Jim

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#5 Tue, Jun 2, 2009 8:31 AM

matuszewski
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Re: carving the turn

Good points, and yes I am utlimately refferring to the finish of the turn and coming back to the handle by continuing to carve.  I am personally working on fighting the tendency to pull too early and am trying to think about carving the ski back to the first wake, then pulling through the 2nd.  I'm thinking that extra edge angle while continuing to carve back to the first wake will help - wasn't sure if this was a concious thought/lower body movement that people incorporated into thier skiing, or if it was more as you suggest to just ride the ski through the turn at this point, having already created the appropriate turn and angle.  Currently I just ride the ski, but was thinking about trying this and wasn't sure if i was going in the wrong direction.  I do agree with the previous post about Wade - I skied with him several years ago, but its been a while since I've had the chance - seems like it might be in my future.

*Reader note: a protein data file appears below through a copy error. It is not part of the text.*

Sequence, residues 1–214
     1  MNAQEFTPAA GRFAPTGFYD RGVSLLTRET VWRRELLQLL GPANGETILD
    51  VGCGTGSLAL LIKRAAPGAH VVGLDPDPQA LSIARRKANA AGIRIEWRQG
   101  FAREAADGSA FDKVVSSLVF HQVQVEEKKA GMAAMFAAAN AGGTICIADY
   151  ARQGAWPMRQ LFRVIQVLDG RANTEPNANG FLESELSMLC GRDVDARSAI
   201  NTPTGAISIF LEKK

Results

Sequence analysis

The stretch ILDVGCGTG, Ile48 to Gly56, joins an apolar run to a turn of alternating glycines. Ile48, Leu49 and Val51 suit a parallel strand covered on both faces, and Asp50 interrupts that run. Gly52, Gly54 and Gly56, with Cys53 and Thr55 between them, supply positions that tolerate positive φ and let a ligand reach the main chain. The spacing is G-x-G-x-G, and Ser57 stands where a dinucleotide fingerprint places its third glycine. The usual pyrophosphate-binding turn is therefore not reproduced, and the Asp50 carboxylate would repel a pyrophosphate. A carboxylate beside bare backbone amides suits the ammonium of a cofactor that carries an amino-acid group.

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#6 Tue, Jun 2, 2009 2:35 PM

ColinBuchanan
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Slalom Mentor
From: Lake Norman, NC
Registered: Tue, Oct 21, 2008
Posts: 175
Skis At: SkiTek
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Re: carving the turn

When thinking about the finish of a turn, remember that any pull that you make is going to be against a 3000 lb. boat moving down course at whatever speed you ski at.  Nobody is strong enough to overcome the boat, all you can do is use it for support by maintaining a tight line through the turn and then falling back into the handle without trying to take anything from the boat other than support for your own bodyweight. By trusting all of your balance to the rope, you free up your ski to carve the turn that it wants to resulting in the correct amount of angle back into the wakes after an arcing/ continuous turn. Don't know if this makes sense but I learned it from those better than me. Wade is an excellent coach and I hope you get the chance to ski with him.